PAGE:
Misuse of data by Facebook means it will in future be bound by stricter regulations and the threat of tougher penalties for further privacy violations, Barley said after the meeting.
Reuters that following Facebook's latest user data scandal which allegedly saw the personal data of 50 million users accessed by data analysis firm Cambridge Analytica, the company plans to give users greater control over their user data. Our request related to an external arbitration process four years ago between Aleksandr Kogan - the academic accused of scraping and selling millions of Facebook profiles to political consultancy Cambridge Analytica - and Cambridge's psychometrics center.
According to DW, representatives of Facebook have not yet commented on the invitation.
The fact that PwC found no issues raised red flags for privacy advocates.
Chester said the audit shows that the "FTC can not be relied on to really protect consumers".
PricewaterhouseCoopers compiled the 53-page audit, with the Federal Trade Commission releasing the heavily redacted document on Friday.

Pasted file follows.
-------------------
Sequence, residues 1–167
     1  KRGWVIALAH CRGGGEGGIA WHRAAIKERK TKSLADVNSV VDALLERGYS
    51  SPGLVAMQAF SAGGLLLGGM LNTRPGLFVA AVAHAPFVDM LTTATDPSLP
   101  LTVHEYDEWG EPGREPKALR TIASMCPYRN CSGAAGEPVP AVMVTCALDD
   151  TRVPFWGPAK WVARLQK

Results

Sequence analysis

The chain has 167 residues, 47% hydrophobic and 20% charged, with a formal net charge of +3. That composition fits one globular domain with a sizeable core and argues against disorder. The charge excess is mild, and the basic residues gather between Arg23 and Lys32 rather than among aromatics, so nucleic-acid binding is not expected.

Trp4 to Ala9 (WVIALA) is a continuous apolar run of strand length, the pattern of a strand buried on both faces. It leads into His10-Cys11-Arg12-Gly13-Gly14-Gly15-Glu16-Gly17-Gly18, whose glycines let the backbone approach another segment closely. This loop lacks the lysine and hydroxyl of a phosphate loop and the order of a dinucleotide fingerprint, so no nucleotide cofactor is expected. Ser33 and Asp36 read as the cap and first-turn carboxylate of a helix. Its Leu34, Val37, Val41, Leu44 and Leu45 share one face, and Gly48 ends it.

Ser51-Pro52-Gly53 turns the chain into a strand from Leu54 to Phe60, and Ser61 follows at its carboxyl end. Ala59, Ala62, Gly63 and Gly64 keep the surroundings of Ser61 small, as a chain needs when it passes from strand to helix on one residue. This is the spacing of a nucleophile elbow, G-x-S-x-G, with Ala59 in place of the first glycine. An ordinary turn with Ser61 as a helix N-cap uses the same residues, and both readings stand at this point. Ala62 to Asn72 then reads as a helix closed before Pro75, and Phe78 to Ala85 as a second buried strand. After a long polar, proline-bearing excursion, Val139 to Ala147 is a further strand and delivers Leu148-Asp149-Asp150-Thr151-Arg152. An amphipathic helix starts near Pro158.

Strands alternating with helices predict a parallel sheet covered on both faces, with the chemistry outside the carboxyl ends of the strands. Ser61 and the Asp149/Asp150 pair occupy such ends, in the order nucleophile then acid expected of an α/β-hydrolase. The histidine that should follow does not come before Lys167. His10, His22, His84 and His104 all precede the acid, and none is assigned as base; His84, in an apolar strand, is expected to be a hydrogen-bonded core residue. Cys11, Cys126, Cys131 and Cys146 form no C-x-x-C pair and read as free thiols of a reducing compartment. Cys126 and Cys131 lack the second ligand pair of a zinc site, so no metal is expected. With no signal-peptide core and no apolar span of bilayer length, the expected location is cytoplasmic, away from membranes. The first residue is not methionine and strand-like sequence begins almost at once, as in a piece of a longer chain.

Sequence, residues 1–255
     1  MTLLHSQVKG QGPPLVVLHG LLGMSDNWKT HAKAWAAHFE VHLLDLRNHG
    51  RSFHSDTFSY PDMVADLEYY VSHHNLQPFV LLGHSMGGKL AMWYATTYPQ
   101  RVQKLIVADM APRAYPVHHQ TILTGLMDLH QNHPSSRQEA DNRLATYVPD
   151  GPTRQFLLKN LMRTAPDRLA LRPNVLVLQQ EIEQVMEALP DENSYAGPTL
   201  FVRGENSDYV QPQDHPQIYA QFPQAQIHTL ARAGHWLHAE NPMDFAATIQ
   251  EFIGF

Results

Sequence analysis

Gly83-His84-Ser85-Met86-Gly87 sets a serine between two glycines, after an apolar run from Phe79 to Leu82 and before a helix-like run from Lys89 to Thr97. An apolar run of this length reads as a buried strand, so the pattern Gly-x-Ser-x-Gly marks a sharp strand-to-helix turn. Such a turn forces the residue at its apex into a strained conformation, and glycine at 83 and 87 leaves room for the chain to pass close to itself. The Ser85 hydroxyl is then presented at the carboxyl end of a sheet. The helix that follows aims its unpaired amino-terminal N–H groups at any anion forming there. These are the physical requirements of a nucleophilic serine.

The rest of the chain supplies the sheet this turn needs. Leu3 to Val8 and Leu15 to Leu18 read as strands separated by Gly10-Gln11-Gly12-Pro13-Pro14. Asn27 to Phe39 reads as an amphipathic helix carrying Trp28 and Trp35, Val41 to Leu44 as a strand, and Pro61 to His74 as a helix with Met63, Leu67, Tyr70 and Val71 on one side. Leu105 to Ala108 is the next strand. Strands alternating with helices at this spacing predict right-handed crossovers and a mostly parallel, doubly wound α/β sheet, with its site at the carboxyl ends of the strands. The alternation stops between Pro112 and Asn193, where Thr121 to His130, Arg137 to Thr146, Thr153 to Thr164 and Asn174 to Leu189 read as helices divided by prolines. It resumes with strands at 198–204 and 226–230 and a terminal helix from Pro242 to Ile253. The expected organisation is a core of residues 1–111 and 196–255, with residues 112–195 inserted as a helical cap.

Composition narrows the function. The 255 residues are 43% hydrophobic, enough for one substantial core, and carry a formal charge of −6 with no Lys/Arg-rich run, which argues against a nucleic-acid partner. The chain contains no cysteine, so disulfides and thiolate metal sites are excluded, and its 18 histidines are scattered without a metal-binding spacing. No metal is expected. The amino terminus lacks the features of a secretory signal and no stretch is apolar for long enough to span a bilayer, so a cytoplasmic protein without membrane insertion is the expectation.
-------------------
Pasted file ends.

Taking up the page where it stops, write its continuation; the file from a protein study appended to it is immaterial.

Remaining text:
It comes amid the Cambridge Analytica scandal which revealed that the analytics firm had obtained user data on 87 million Facebook users and their friends and contacts through a third-party app.
If found violating the 2011 FTC consent decree, a fine of $41,484 were to be incurred per user per day on Facebook. Later, they went on to sell the data which Facebook had no control over.
Sen. Catherine Cortez Masto, a Democrat from Nevada, said during last week's hearing that in her view, "these requirements were not met", because user consent shouldn't have been buried in privacy settings.
"In our opinion, Facebook's privacy controls were operating with sufficient effectiveness to provide reasonable assurance to protect the privacy of covered information and that the controls have so operated throughout the Reporting Period, in all material respects for the two years ended February 11, 2017, based upon the Facebook Privacy Program set forth in Management's Assertion", reads PwC's conclusion.